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Space-Time Distortions Uncover Hidden Galaxies

This diagram illustrates a cosmic phenomenon known as gravitational lensing, in which the light from a distant galaxy is warped and magnified by the presence of a foreground galaxy. The Herschel Space has discovered five new these distant "lensed" galaxies, and the image illustrates one of these five events. The foreground galaxy (blue) is seen by optical telescopes, while the light from the background galaxy (red) is observed as a distorted image (pink) by far-infrared and sub-millimeter telescopes.

Previously hidden behind veils of dust, ancient galaxies have been detected using an effect caused by the space-time distortions in the vast distance between those galaxies and Earth.

The discovery of the distant galaxies could shed light on formation of the early universe and galaxies, researchers said. [New photo of the ancient galaxies]

Distant galaxies are normally difficult to see, but those whose dim light are shrouded in dust are especially difficult to detect, even using the largest available telescopes. However, astronomers are able to essentially boost the effectiveness of their telescopes by relying on lenses of a sort — massive galaxies or clusters of galaxies between the astronomers and the objects they want to look at.

The gravitational pull of massive intervening objects distorts space-time, an effect that can deflect light. This "gravitational lensing" can increase the visibility of the distant galaxies — or possibly lead researchers to seeing multiple images of them.

Typically, finding gravitational lenses is very time-consuming. Now, using data from the Herschel Space Telescope, a large, international research team has found that gravitationally lensed galaxies can be detected easily in submillimeter wavelengths of light if a sufficiently wide area of the sky is searched.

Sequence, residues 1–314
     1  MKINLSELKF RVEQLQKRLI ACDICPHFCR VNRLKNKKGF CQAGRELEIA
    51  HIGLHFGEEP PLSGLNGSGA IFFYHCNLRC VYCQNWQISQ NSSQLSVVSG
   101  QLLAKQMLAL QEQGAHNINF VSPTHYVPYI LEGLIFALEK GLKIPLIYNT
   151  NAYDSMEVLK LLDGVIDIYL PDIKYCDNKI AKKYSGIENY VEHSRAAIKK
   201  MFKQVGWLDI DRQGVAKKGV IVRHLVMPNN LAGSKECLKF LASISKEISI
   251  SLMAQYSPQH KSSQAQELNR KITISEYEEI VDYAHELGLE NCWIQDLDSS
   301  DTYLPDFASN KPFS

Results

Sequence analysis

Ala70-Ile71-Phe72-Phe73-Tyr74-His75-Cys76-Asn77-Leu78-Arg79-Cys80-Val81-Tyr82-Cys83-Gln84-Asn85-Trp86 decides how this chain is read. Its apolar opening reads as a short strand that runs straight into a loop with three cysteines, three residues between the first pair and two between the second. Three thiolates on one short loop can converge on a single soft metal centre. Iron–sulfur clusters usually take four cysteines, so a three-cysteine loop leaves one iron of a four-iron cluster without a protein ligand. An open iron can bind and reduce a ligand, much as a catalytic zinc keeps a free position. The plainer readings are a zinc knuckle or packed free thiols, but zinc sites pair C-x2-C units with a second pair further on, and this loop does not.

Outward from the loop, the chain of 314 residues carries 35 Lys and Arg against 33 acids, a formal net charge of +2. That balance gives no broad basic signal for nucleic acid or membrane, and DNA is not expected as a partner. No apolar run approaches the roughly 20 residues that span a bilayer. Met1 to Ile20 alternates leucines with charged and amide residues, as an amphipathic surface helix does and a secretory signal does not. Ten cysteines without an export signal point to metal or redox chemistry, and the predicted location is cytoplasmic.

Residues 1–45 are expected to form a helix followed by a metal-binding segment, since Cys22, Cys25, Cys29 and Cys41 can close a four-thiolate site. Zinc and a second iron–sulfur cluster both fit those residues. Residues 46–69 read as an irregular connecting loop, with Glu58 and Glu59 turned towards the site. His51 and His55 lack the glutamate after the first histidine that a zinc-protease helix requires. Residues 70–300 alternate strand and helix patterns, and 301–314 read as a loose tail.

The objects seen in the submillimeter range are generally thought to be distant, dusty galaxies undergoing a vigorous burst of star formation. This intense activity generates the dust that obscures them. In a wedge of sky that researchers analyzed, they discovered what appears to be five new gravitationally lensed, dusty star-forming galaxies.

"I was predicting about four to six of these sources to be detected in our first data collected one year ago," said researcher Mattia Negrello, an astronomer and cosmologist at The Open University in Milton Keynes, England. "Those data corresponded to about 3 percent of the total area that will be mapped by Herschel within the H-ATLAS (Herschel Astrophysical Terahertz Large Area Survey). You can imagine how excited I was when we discovered exactly five."

The method the researchers used was simpler than past techniques.

They observed the sky for submillimeter radiation, identified the brightest objects and removed a few "contaminants" such as nearby galaxies. Everything that was left turned out to be the star-forming  galaxies. "This is arguably the easiest way to spot gravitational lensing events ever conceived," Negrello said.

The five galaxies the researchers found are just the tip of the iceberg, Negrello told "We expect to discover more than 100 of them in the full H-ATLAS," he said. By capturing details amplified by gravitational lensing on large numbers of these galaxies, the scientists hope to better understand how they formed and evolved.

The scientists detailed their findings in the Nov. 5 issue of the journal Science.

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Charles Q. Choi
Charles Q. Choi
Charles Q. Choi is a contributing writer for Live Science and He covers all things human origins and astronomy as well as physics, animals and general science topics. Charles has a Master of Arts degree from the University of Missouri-Columbia, School of Journalism and a Bachelor of Arts degree from the University of South Florida. Charles has visited every continent on Earth, drinking rancid yak butter tea in Lhasa, snorkeling with sea lions in the Galapagos and even climbing an iceberg in Antarctica.